Tuesday, 11 August 2009
A Big Sweep
Two dozen arms sweep and push and pull. Backs bend and straighten, turn and twist and bend again. The breeze carries chaff and sneezes over the threshing floor. The tractor roars and turns in circles, over and over, crushing the crop beneath two stone-studded sledges a half-century old.
Nobody´s threshed garbanzo beans here for at least two decades, I am told, and never such a grand quantity. The work´s only meant for the nine or ten members of the clan who raised the plants: Angelín and Angelón, Segundino and Toñi, Floren, Feliciano, Mari Angeles, Hilario and Isabel, a little black dog called Amora, and their brother/uncle/in-law Manolo up there in the John Deere.
The novelty, and the need, drew more of Moratinos out to the era, the threshing floor to lend a hand. We were: Paddy and me, Modesto, Leandra, Milagros, Esteban´s sister Paula, and a couple more summer people I don´t know. Pilgrims stopped to snap photos.
Some of the older people did this work before, back when they were young: Garbanzos and lentils and grain, all had to be beaten into the ground this way to break the fruit free of the pods and leaves and twigs that surround them. The heavy sledges, called "trillos," were pulled by steers or mules. (And when the animals made manure, Modesto pointed out, the driver had to run up and catch it in his hands, so as not to soil the beans! Not so bad with a mule, but cows? Wheew! You kept a bucket on the sledge.)
As the fluffy plants are crushed flat beneath the trillo, the helpers use rastros and escobas and orcas (handmade wooden rakes, straw brooms, and hayforks) to turn it over and shove and sweep the plant matter farther into the circle´s center, to be run-over again.
Trillos are almost never used any more, and then only by small-scale farmers like Manolo. He chains two of them side-by-side behind his tractor, and the work is done in less than half the time an animal might take, with a lot less worry about poo.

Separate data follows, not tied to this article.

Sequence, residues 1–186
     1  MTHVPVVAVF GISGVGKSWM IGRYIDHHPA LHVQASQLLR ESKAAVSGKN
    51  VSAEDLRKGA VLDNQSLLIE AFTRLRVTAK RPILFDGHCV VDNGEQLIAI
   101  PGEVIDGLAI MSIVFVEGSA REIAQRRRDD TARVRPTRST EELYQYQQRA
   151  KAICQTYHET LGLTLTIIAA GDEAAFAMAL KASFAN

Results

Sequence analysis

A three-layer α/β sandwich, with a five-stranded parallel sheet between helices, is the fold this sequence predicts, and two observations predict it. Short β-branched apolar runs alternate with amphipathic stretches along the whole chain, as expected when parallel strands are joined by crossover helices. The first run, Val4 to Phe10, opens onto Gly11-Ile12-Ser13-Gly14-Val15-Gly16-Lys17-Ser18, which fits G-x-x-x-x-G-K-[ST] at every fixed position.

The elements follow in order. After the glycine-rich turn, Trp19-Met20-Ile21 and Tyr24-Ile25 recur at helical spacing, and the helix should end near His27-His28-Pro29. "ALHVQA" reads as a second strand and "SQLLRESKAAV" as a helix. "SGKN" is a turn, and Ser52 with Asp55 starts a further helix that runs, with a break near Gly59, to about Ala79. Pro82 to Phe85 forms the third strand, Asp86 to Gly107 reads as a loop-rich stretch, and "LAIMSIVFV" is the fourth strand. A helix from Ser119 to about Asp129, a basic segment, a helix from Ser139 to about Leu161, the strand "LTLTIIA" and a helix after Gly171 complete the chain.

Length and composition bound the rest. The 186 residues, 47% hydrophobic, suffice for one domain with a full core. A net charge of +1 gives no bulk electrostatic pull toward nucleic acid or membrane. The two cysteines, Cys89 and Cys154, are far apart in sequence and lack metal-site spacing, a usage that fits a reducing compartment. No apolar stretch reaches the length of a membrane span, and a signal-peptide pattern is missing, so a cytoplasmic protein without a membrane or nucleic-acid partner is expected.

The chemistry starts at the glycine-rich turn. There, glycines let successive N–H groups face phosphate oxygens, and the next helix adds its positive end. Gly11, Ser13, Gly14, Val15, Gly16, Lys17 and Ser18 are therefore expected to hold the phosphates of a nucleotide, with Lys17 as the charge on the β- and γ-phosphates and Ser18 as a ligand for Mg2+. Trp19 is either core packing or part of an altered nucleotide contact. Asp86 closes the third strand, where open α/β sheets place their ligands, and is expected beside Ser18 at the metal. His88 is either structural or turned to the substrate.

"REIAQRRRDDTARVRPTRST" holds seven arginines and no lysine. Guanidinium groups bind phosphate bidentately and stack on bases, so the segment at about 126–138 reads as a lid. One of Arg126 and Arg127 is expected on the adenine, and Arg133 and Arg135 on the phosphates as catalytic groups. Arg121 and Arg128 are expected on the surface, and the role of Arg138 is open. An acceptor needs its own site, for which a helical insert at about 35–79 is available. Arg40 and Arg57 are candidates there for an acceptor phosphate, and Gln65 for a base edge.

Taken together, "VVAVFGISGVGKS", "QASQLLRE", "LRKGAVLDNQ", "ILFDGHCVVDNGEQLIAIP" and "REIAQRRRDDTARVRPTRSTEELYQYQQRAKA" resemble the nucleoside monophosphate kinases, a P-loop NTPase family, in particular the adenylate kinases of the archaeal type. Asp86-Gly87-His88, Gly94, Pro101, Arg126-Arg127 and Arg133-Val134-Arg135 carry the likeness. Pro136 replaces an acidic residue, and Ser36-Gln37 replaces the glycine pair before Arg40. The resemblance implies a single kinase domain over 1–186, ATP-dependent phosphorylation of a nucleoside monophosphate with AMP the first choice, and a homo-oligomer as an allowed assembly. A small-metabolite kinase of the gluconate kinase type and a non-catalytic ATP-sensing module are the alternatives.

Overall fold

The greater concern is silliness. It´s helpful to have some weight on top the sledges, so the siblings, none of them spring chickens, jump on and frolic while Manolo makes the trillos swing and buck, just a bit. It´s a low-tech thrill ride, a chance to let the breeze blow back your hair.
Time passes. The sun pounds down, and even the breeze is hot. We bend and sweep every tiny bean inward. Beginners are given a quick tutorial, and told to feel the wind, to keep out of the shifting cloud of broken chaff, to give each stroke a lift at the end, to send a little more of the dust into the breeze.
In bigger, more developed places this work is now completely mechanized. Manolo´s family hasn´t grown its own garbanzos for a good 25 years, he said -- it´s not a good investment, not with Argentinian beans selling at 40 cents a kilo. Spanish farmers cannot make a profit when the price falls below a Euro, so the locals only grow small crops of these kinds of legumes, for their own consumption.
The final outcome, these little swept-up brown beans, are "rico, rico, rico, lo mejor," I am told, over and over: delicious, the very best. They are small and hard, but they have a nutty, dense flavor that stews beautifully with swiss chard or spinach or cabbage.
These beans will feed their big family for the next year, Hilario said. They will eat them themselves, or sell them to the neighbors, maybe use some for seed for next year. The leftover sticks and leafy bits will feed the pigs and chickens.
This family has an ancient sarcophagus in their yard, used to store construction junk. They are re-doing a house on the plaza with their own hands, a place with a Romanesque doorway where their mother was born. It is slowly becoming a showplace. In their higgledy-piggeldy complex they produce hams and sausages, tools, fruit and vegetables, wine, moonshine, poultry, rabbits, and hunting dogs.
And garbanzos, this year.
They think it´s kind of cute, how interested I am in outmoded, sweaty work. They laugh out loud at the end of the afternoon, after the cider is drunk and the beans are reduced to a small mound on the era, when I thank them for asking me over, for giving me an opportunity to rastrar and orcar alongside them.
I wish I could ask them: How often can I do with my hands the sweep of history that´s scratched the ground of that era for a thousand years?
But I am a stranger enough the way I am. And my Castellano just isn´t up to that yet.